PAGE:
Today was one of those days when even the weather forecasters were given to explain ‘The only word we can use for the whole of the country today is cloudy‘ and so it proved to be. Meg and I walked straight on down to the newspaper shop and then retraced our steps as far as the park. On our way down, we encountered the French lady who we had round for tea in the garden about a couple of weeks ago. We were commiserating with other that the one Arts Centre that we had in Bromsgrove called ‘The Artrix’ was initially ‘dark’ at the start of the pandemic when all public places of entertainment were closed. It was then ‘repurposed’ as a vaccination centre which I think was quite an inspired choice of building. Given that it couldn’t be used as an Arts Centre until the end of the lockdown, I think a vaccination centre was a brilliant idea. It could process up to 2,000 vaccinations a day, there ws plenty of car-parking and ‘The Artrix‘ was on signposts all over the district and just off the arterial A38 road. Although we are getting to the end of vaccinating most of the adult population, it now looks as thought the vaccination regime will extend into the secondary schools and the the more elderly sections of the population, there is talk of combining the normal autumn ‘flu vaccine with an updated COVID-19 booster in the autumn. Perhaps, eventually, we might get our Arts Centre back but in the meantime, I think there will be plenty of work for the repurposed building for the foreseeable future.
Halfway through the afternoon, the daughter of our recently deceased neighbour called by. She gave us the date when the funeral was going to be, now that then post-mortem had been conducted. The daughter was explaining that whilst her mother had had a stroke followed by a second one that we to prove fatal, she had no predispositions that one can think of such as high blood pressure. She also led an abstemious lifestyle with no alcohol and an avoidance of ‘junk food’ so we commiserated with each other that there was no justice in the world. As our neighbour’s daughter is in the final stages of completing her PhD, I tried to proffer what I hoped might be some useful advice , namely to choose one’s external examiner with care. I say this because in the course of my academic life I have seen 2-3 rampant injustices where deserving candidates were denied their just desserts because an external examiner had a hidden agenda or a point to prove by turning down the applicant.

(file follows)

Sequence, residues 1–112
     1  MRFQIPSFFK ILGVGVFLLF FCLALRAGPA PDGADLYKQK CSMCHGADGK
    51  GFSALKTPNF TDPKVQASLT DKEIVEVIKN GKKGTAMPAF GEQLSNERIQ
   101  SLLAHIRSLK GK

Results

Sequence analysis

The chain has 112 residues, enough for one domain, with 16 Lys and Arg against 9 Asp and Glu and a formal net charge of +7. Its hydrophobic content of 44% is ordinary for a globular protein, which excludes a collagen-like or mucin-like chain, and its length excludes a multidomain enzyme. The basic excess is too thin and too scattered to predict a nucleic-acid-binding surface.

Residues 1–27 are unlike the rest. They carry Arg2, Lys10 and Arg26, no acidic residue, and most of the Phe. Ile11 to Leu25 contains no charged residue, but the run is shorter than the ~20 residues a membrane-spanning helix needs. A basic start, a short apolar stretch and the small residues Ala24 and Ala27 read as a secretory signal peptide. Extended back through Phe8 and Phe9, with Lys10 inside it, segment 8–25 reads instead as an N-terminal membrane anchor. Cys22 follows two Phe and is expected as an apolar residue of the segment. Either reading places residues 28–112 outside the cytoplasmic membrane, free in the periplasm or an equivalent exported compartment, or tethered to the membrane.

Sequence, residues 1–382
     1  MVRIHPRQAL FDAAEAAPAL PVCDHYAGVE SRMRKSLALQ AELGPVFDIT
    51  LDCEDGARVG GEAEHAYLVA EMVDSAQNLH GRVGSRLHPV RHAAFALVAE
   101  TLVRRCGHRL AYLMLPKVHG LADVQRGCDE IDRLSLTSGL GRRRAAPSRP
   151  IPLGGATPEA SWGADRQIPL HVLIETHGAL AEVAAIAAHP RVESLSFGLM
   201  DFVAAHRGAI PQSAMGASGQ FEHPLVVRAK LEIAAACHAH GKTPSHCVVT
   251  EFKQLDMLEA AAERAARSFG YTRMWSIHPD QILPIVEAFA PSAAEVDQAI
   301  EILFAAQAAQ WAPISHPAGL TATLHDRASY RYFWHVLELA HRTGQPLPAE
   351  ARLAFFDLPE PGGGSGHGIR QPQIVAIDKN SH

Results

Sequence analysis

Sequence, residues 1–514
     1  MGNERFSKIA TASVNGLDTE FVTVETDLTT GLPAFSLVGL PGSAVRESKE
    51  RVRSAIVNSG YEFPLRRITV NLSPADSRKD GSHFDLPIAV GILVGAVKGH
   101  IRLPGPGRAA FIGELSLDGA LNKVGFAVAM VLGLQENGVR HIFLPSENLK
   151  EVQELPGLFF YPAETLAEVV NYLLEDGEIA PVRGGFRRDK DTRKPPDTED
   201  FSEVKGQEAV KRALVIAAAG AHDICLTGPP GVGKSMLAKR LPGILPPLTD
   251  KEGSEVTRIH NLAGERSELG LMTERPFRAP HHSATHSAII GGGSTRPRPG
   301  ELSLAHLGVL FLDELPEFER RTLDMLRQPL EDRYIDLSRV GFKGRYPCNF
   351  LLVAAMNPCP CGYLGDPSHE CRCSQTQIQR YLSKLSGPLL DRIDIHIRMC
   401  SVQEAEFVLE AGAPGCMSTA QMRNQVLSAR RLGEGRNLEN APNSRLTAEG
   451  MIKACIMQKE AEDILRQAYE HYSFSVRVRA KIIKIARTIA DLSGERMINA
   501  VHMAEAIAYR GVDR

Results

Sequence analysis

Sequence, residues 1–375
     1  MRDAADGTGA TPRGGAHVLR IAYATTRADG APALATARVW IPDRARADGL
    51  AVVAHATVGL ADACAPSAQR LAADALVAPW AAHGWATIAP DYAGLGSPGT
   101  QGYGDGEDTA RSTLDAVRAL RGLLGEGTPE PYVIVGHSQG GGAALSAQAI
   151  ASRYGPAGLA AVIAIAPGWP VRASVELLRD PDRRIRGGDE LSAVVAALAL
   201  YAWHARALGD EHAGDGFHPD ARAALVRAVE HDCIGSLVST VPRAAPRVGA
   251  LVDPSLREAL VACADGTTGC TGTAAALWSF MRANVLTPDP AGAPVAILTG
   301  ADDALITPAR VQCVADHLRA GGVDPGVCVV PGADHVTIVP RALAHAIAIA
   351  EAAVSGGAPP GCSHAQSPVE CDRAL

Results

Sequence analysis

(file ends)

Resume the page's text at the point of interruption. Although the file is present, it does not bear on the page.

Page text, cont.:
In the late afternoon, I finally got round to planting out the nice rose that our French friend brought round with her the other day. I rescued some topsoil from a bag I scarcely knew I had, laced it liberally with chicken pellet manure and then planted out a rose and also a companion stone container which is awaiting a nice plant to go in it. I am also minded to take the small collection of hazels I have put in a temporary location in the front garden to start to form a little hazel hedge along the front of the raised wooden beds I painfully constructed down the side of the house some years ago now. If this comes off, we shall have effected our ambition to have a good ‘green screen’ between ourselves and the newly developed housing estate (now some three years old built on the site of an orchard down by the side of our house)
Today the House of Commons was recalled for an eight hour emergency debate on the situation in Afghanistan. The Commons was in a sombre mood and the government were peppered with questions, many from their own side, about Britain’s lack of preparedness for the scenario unfolding before us. The mood in the House of Commons was almost non-partisan – in some of the contributions it was not easy to discern whether the MP who was speaking was a Tory or not. In fact, Teresa May, the previous Prime Minister, was particularly scathing. The fact our Foreign Secretary was on a beach when Kabul was falling speaks volumes. Boris Johnson himself reinforced his reputation for being unprepared, if not asleep on the job. I think the House of Commons is at its best on occasions like this – the previous debate of a similar nature I remember was when the Commons was recalled for a Saturday debate after the invasion of the Falklands (the Malvinas to the rest of the world). I have been considering whether to not to pen a one line letter to the Times posing the following question -‘In view of the long historical association of the UK with Afghanistan and in view of the commitment to promote the education of women, why does the government not suggest that it should build and fund a university in Afghanistion solely for the education of Afghani women?‘ Were the Taliban to refuse such an offer, this itself would speak volumes about their real intentions.